On any given Sunday 20 million Americans will watch Sunday Night Football; currently the no. 1 rated show on television. In February 2016, over 100 million viewers will watch Super Bowl 50. As a lifelong fan, I have tuned in often.
The NFL season has just started, officially. What's that you are thinking... but we've just played 16 games! The truth is that the only games of th...
Several months ago there was a minor flap over the fact that the National Football League was given the right to delete parts of the film "Concussion" before its general release to the public. At the time many, including myself, feared that the NFL would defang the bite of the film. It did not.
On New Year's Eve, Donald Trump will be making an appearance on Fox News' All American New Year, for all of those that would like to celebrate a new beginning, while continuing to live out the morals of the mid-20th century.
By the time last year's Super Bowl rolled around, it was clear enough that I wasn't the only one predicting an end to the glory days of what is increasingly (and rightly) coming to be seen as a barbaric, violent and dangerous sport.
ESPN reported this week that the NFL had pulled funding for concussion research because one of the principal researchers was Dr. Robert Stern of Boston University who has been critical of the NFL.
'Twas a famous victory to quote poet Robert Southey (what can I do, defeating Brady and the hooded one brings out the poet in me). The New York Jets finally prevailed over divisional arch-rivals New England Patriots in a 26-20 OT thriller.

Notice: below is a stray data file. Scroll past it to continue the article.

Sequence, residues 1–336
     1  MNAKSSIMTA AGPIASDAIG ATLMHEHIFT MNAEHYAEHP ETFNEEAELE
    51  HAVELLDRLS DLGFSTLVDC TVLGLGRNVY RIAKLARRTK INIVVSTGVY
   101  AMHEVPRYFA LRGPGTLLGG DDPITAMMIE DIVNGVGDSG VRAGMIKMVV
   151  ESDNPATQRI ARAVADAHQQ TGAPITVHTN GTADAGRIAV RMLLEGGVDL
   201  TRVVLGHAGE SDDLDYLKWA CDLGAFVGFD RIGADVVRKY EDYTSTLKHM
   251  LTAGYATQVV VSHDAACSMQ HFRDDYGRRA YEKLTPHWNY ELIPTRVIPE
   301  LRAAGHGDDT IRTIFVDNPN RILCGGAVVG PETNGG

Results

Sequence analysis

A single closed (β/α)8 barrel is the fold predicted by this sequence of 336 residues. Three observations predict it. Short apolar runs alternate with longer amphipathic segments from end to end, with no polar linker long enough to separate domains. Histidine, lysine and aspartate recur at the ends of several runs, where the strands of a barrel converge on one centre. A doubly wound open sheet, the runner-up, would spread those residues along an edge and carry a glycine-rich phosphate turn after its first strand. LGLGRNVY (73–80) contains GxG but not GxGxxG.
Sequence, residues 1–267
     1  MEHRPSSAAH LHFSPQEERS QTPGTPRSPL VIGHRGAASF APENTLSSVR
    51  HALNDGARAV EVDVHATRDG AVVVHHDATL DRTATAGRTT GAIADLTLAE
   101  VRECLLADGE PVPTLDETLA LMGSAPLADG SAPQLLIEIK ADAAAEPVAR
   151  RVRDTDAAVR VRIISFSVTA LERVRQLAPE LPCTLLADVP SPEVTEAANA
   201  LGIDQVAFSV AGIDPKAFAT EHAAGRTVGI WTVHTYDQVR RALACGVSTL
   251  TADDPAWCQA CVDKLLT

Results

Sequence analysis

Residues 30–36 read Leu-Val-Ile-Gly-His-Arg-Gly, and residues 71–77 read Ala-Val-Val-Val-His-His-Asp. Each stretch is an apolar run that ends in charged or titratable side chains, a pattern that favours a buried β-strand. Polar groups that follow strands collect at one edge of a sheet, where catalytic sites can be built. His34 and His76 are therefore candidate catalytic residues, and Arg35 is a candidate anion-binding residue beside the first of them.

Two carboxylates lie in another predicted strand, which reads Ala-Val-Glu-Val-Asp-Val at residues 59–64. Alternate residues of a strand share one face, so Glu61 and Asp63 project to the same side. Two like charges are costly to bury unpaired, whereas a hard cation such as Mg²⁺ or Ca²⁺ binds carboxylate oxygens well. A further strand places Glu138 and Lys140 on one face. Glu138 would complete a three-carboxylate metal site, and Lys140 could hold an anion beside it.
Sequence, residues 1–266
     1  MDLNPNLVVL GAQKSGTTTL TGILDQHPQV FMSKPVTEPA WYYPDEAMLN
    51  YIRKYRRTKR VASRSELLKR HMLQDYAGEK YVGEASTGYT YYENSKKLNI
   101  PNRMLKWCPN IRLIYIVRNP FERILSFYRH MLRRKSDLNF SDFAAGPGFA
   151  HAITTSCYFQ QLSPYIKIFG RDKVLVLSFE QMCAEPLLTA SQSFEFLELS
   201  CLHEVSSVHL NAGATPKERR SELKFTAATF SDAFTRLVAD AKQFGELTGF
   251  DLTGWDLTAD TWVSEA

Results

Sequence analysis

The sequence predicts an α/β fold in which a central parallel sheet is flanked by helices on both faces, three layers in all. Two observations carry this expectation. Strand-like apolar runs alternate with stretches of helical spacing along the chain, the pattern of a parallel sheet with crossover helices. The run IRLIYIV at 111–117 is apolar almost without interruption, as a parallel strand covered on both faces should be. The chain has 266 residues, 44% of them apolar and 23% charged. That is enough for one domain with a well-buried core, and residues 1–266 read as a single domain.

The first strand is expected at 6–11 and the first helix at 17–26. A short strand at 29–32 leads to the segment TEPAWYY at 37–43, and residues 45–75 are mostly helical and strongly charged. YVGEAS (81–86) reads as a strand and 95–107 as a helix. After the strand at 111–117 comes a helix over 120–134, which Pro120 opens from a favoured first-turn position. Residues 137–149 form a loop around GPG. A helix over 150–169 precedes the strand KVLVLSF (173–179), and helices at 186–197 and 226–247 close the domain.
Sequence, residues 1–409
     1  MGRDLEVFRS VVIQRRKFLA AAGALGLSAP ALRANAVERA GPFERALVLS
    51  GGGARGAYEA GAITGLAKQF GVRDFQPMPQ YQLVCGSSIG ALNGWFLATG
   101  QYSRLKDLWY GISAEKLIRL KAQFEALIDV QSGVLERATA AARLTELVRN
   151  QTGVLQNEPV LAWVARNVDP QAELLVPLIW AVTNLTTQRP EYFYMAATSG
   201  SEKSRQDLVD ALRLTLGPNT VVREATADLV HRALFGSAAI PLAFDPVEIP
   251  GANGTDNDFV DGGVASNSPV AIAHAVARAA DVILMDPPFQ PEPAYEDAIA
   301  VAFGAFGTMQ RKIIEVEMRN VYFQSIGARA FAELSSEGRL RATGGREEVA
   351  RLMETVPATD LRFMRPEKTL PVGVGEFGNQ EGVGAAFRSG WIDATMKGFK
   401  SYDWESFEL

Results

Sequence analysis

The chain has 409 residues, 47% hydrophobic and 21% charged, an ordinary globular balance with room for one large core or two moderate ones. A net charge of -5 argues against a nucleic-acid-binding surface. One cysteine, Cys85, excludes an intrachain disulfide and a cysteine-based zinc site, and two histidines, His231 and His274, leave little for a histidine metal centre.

Having managed crises and public relations disasters for the past three decades, I can't help but see the headlines through a particular lens. Suffice it to say, as far as PR goes, 2015 did not disappoint.
The NFL's alumni is to be commended for choosing to support causes that won't generate widespread publicity but where their involvement will make a meaningful difference for the people they will interact with.
Concussion fumbles when it delves too much into Dr. Omalu's life. This indictment of the NFL becomes a love story which takes the focus off the football players where the real pathos is. Concussion should have revealed more about the tragic lives these esteemed players led and their needless suffering due to sport.
If football were the only sport in the world, maybe I'd say: well, it's worth it. Better this than no sports at all. But there are so many sports that don't involve people hurling their bodies in every direction into meat piles.
As the smoke rose, the crowd cheered, and the stadium music got louder, the Giants players emerged to enter "the gauntlet." In the beginning of each game, the gauntlet is formed by two lines of people who enthusiastically high-five the players as they burst out onto the field.
As I await tonight's advance screening in Boston of Sony Pictures' movie, Concussion, which opens nationwide on Christmas Day, the polarized debate over football has once again reached a fever pitch.
Whether you're preparing for your fantasy football draft, or managing your roster during the season, the way you're valuing players is very similar to the way you'd value companies.
When a baby arrives, the newborn provides something special to both parents which, if this were a venn diagram, would overlap with different areas of what each gender tends to get from sex: a sense of boundary-less intimacy.
Fruitcakes singing near an open fire?